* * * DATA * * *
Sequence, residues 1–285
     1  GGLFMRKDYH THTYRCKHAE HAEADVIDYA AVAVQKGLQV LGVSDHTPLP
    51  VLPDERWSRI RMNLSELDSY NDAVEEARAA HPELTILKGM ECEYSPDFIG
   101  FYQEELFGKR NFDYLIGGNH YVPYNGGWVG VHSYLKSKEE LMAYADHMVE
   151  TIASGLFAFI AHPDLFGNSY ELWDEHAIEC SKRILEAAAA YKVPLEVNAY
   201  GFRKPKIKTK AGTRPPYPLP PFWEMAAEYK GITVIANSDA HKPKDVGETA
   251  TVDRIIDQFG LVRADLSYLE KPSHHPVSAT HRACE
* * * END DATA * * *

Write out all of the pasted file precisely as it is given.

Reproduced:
Sequence, residues 1–285
     1  GGLFMRKDYH THTYRCKHAE HAEADVIDYA AVAVQKGLQV LGVSDHTPLP
    51  VLPDERWSRI RMNLSELDSY NDAVEEARAA HPELTILKGM ECEYSPDFIG
   101  FYQEELFGKR NFDYLIGGNH YVPYNGGWVG VHSYLKSKEE LMAYADHMVE
   151  TIASGLFAFI AHPDLFGNSY ELWDEHAIEC SKRILEAAAA YKVPLEVNAY
   201  GFRKPKIKTK AGTRPPYPLP PFWEMAAEYK GITVIANSDA HKPKDVGETA
   251  TVDRIIDQFG LVRADLSYLE KPSHHPVSAT HRACE